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Khan Museum at Shaar Hagai, Jerusalem

Renovated Ottoman Khan building
Tiny gun from colossal battle

A large – and until recently – sadly dilapidated but still attractive ruin of an Ottoman Khan (caravanserai) is situated meters from the main approach road to Jerusalem at Shaar Hagai. It has been renovated and is nowadays a highly informative, interactive museum, concentrating on one of the most fiercely fought battles of the 1948 War of Independence.

Deeply emotional and thought-provoking, the exhibits on display in the renovated Turkish-built white stone building are arranged in showcases under the attractive original high-arched ceilings with additional thick wooden beam supports. These exhibits leave the visitor utterly amazed at the against-all-odds achievements and the tragically high cost in lives of the brave, but ill-equipped Jewish fighters, struggling to get through a treacherously narrow major artery passage to break the prolonged Arab siege of Jerusalem.

Although well-documented and the subject of many a cinematic film and television historical docu-series, a visit to the Khan Shaar Hagai Museum deepens one's understanding of, and awe at, the sheer determination of the ill-prepared soldiers, some of whom were only in their early teens. They were ready to pay with their lives in order to attain the ultimate goal of capturing the jugular vein leading to the City of Gold, releasing the Arab stranglehold and bringing food and water to the besieged, suffering and desperate city residents.

Built in the late 1800s, the khan served pilgrims, travelers and immigrants making their way – many having disembarked at the port of Jaffa – to Jerusalem. In present times, film interviews with elderly survivors of the battle for Bab el Wad, as the narrow pass is known in Arabic, animated films and sepia photographs are shown on a ceiling-high screen. Through large windows, visitors can see the present-day traffic whizzing by just meters away on the very road so bitterly fought for, and this brings home even more the absolute strategic importance of Shaar HaGai (the gate to the valley), as it is called in Hebrew then and in present times.

Visitors are not only whisked back in time, but also encouraged to participate at interactive stations tussling with the then logistics, life and death decision-making faced by the soldiers' commanders at the height of battle, such as should the armored trucks and buses be loaded with water, food and medicines – or much needed by those inside trying to defend the city – weapons and ammunition.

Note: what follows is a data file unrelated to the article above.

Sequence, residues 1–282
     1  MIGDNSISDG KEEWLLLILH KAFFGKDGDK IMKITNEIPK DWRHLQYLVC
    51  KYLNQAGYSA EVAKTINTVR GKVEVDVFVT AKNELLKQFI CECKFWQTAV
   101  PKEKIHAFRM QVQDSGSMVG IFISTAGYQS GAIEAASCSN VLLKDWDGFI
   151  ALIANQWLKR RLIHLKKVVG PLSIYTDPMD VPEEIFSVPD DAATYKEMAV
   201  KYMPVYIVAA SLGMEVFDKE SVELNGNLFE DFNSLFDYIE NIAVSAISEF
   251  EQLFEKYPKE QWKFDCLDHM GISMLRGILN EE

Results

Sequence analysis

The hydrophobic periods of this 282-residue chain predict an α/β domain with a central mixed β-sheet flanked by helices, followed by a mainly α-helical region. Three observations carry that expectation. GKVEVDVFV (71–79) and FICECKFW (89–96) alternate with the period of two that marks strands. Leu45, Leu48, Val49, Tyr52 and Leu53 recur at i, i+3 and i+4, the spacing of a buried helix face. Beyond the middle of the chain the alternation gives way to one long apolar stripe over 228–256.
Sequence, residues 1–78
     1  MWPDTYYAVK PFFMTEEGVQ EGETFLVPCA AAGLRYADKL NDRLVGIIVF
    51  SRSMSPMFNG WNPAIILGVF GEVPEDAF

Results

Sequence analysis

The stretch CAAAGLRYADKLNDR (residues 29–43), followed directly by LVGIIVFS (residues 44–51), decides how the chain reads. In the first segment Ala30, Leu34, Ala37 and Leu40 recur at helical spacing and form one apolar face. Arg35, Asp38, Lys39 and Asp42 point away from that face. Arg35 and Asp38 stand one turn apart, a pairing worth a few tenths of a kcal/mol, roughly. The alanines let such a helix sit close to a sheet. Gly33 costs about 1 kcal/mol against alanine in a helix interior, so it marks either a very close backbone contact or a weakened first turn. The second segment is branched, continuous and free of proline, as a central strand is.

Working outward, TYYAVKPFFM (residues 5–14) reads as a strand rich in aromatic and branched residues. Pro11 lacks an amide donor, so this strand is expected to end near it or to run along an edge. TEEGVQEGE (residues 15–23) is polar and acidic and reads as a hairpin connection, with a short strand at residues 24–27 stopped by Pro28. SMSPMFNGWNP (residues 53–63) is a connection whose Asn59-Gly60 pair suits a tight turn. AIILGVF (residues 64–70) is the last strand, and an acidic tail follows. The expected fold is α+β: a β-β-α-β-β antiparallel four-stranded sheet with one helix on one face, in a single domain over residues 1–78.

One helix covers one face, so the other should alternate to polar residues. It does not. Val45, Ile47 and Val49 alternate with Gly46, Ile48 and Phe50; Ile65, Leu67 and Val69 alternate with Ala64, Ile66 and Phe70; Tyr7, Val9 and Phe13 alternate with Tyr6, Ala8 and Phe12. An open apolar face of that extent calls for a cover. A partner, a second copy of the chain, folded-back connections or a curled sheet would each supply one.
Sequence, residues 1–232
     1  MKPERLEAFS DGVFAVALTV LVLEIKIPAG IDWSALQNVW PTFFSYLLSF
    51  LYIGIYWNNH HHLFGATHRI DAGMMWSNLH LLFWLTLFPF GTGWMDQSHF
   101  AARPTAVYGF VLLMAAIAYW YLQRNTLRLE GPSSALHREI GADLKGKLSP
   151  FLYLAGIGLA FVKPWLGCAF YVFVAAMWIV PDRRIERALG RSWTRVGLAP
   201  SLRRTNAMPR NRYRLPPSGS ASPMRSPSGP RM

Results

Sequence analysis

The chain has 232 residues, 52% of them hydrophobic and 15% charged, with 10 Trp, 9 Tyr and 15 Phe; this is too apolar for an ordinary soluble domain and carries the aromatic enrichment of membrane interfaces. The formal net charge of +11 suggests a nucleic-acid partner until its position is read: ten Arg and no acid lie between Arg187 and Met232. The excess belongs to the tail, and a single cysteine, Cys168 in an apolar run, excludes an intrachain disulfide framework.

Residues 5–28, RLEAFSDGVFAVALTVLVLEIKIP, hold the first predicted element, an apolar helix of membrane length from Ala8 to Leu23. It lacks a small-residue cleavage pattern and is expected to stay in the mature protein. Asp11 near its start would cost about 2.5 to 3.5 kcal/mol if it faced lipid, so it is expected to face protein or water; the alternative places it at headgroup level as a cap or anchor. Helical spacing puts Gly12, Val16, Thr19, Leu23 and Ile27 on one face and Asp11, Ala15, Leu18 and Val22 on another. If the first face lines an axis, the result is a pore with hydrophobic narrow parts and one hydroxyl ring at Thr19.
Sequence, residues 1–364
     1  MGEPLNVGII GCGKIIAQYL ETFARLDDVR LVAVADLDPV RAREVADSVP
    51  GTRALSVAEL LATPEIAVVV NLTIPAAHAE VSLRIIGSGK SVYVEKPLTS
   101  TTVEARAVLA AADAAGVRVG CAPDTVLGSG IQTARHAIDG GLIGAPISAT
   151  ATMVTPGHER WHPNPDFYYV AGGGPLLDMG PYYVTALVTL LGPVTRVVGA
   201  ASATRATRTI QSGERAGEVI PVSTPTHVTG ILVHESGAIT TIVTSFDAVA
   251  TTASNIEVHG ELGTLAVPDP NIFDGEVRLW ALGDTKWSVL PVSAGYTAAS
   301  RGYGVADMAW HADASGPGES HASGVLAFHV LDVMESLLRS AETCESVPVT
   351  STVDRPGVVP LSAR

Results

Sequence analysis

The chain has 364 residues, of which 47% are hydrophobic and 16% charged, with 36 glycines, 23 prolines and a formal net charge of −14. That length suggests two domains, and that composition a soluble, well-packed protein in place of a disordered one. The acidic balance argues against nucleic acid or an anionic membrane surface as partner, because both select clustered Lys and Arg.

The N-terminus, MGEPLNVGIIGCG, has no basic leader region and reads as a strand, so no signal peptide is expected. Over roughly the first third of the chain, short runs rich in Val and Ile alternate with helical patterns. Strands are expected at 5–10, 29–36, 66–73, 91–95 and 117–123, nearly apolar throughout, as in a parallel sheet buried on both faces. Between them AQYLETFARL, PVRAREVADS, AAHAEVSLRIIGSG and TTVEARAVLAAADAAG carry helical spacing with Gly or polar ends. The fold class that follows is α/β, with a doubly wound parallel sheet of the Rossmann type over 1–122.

Communications equipment from the 1940s

Going from one station to another, picking up black phones similar to those on the original field phone sitting on a table alongside, one is given details of the quandary. Whilst listening to the dilemma being dealt with, for just a few moments one feels the huge weight of responsibility in making such enormous decisions under fire, without the necessary information or time to make the best decision.

An experience never to be forgotten follows … entering what looks like the insides of one of the armored trucks. People sit on hard benches, with only slits in the metal walls and iron bars to cling on to, when suddenly it starts rattling, rolling and shaking – with sounds of gunfire, screams and other background sounds associated with being in the center of the actual events almost eight decades ago.

Coming out into the open air, those sounds are replaced by the noise of modern day traffic on the multi-lane highway that the narrow pass has become in present times. A number of renovated vehicles, including an original Egged bus, truck and ambulance, are parked one after the other, with information boards, also showing original photos, displayed alongside each vehicle.

The Khan Shaar Hagai Museum and Heritage Center, a project of the Israel Nature & Parks Authority, not only tells the story of the famous battle of the convoys to release Jerusalem, but in a most innovative and challenging fashion, perpetuates the memory and heritage, the bravery and dedication, of all those who fought for the establishment of the State of Israel and in the War of Independence in 1948. 



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Thursday, 25 July 2024

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